Did you really think we were done posting about pyramids?  HA!!  More to come!!

On New Year’s Day we made the short trek from Becan to the Calakmul Pyramids. Most pyramids in Mexico are quite cheap to visit, and this one cost us about $7 (only adults pay)–not the cheapest, but certainly not the most expensive. There is a long road entrance to the ruins, because they are a bit off the beaten path–12 miles from the Guatemala border! This road ad an entrance fee ($112 pesos) that was more than the entrance fee to the ruins! They are also an UNESCO World Heritage Site!

Calakmul is one of the more significant Mayan ruins that have been found. The Guatemalen ruins of Tikal are almost directly south, and they were a direct rivals with Calakmul. They were the two major Mayan “superpowers” of their time (while they were both Mayan, they supposedly came from different origins), and they fought extensively with each other through the 6th and 7th centuries–until the collapse of the entire Mayan Empire!

The Calakmul ruins were discovered in 1931, and they didn’t even begin restoration or mapping until 1985! The ruins are located within the Ecological Reserve of the Biosphere of Calakmul, which is likely why we had to pay to drive down the road. The reserve extends over 27 square miles and includes over 6,000 structures (can you imagine trying to document that?!).

Calakmul is definitely worth the drive off the beaten path, if you’re headed this direction. Not only is it a decent drive from the main highway, it is also a decent walk from the parking lot. Imagine our disappointment when we realized we had run out our camera battery after first trekking in pretty deep. Jared was sweet and ran back to get a backup while the girls and I watched some howler monkeys in the trees. The babies were especially cute and hovered directly over us to watch.

The pyramids are buried in a dense jungle with a high tree canopy (also very popular with jaguars. The girls were *really* hoping they’d see one!). Imagine spotting this in the treetops!

Of course, the only way to spot this is to get above the tree tops yourself…so you can imagine why it took them so long to discover these ruins!

They supposedly know a lot about these pyramids, due to the extensive quantities of stelae that have been found (those upright carvings below). The stelae depict histories of the former residents and rulers, and they were even dated! How convenient!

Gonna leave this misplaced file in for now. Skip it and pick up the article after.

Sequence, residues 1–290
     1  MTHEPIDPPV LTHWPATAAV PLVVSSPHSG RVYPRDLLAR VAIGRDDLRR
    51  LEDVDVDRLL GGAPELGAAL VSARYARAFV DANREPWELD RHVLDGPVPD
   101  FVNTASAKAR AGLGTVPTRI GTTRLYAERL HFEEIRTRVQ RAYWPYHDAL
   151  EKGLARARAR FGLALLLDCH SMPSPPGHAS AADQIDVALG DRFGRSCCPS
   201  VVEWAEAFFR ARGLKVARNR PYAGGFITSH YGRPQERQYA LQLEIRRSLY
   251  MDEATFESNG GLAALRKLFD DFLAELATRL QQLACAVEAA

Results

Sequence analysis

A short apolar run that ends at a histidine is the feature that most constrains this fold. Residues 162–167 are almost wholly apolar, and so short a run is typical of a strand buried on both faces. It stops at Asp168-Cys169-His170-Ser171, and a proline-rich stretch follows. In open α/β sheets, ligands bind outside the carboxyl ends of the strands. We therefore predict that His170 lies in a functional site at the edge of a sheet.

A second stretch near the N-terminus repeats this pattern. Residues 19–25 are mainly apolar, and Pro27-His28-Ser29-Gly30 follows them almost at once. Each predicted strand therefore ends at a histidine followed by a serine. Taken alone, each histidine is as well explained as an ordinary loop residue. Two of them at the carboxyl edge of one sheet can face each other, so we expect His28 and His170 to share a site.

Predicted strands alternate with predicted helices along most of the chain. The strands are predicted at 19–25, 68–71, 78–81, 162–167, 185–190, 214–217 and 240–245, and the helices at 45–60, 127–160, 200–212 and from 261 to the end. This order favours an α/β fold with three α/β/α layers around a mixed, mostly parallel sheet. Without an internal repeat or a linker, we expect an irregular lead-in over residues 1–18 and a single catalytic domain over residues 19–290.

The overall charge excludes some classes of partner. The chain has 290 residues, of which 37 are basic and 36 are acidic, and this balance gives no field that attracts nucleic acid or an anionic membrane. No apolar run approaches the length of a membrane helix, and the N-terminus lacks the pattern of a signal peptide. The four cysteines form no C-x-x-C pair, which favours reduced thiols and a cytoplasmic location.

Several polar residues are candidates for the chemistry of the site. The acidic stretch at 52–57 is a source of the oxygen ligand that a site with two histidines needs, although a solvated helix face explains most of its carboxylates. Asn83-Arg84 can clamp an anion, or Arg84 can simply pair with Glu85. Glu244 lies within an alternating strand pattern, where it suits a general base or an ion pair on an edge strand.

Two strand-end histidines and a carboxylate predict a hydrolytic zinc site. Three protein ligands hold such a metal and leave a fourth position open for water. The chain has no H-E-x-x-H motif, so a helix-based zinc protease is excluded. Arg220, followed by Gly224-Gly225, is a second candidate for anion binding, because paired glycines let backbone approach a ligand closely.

Unfortunately, not all stelae remain in good condition. Researchers believe that some of the elaborate carvings were literally cut off by thieves. Hmm…rock cutting?

Some of the pyramids are huge. True to Mayan-style, many of the pyramids are actually pyramids upon pyramids upon pyramids. A new leader comes to rule, and they continue to build onward and upward!  This is why many of the Mexican pyramids are soooo tall!

We started the climb up this one, and were surprised when it never seemed to end.  We’d reach one platform, only to find that there was another pyramid on top of that one!

Here is Maiya coming up one of the upper sections of the pyramid. This is an example of the structures on top of pyramids…it just keeps going up and up! (yes, this is the same pyramid as the previous 2 photos)

We finally reached the top, after threatening to leave Maiya at behind several times. I’m sorry…but these pyramids are built VERY steep, and while I am happy to hold my child’s hands and help them up the steep steps, I am not going to carry a 4 year old up.

A view from the top revealed several other pyramids towering over the tree line, as well!

A close up…

We hiked back down and took a look around!

Jared climbed up another big one (I was done dragging kids up pyramids) and took the photos that I opened this blog with.

The entire site is surrounded by an extensive water canal and reservoir system. Enough to support 50,000-100,000 residents!

Here is a very short video of the Calakmul Pyramids:

When we made the long trek back to the parking lot, we discovered a whole slew of green butterflies that loved Ella’s shoes. You should have seen them fluttering around her feet as we walked!

The wild turkeys also hovered around our car. We weren’t as fond of them!

Our absolute favorite pyramids are up next!

One Response to “Calakmul Ruins in Campeche Mexico”

  1. It’s still hard to leave a comment – do I really have to put in all this info??? I love the pyramid pics…reminds me so much of Lamanai in Belize. Looks just like them! And I love how your girls wear skirts as they climb the pyramids so we can all get a good view. 🙂 You guys have seriously been doing some major StairMaster in your travels!

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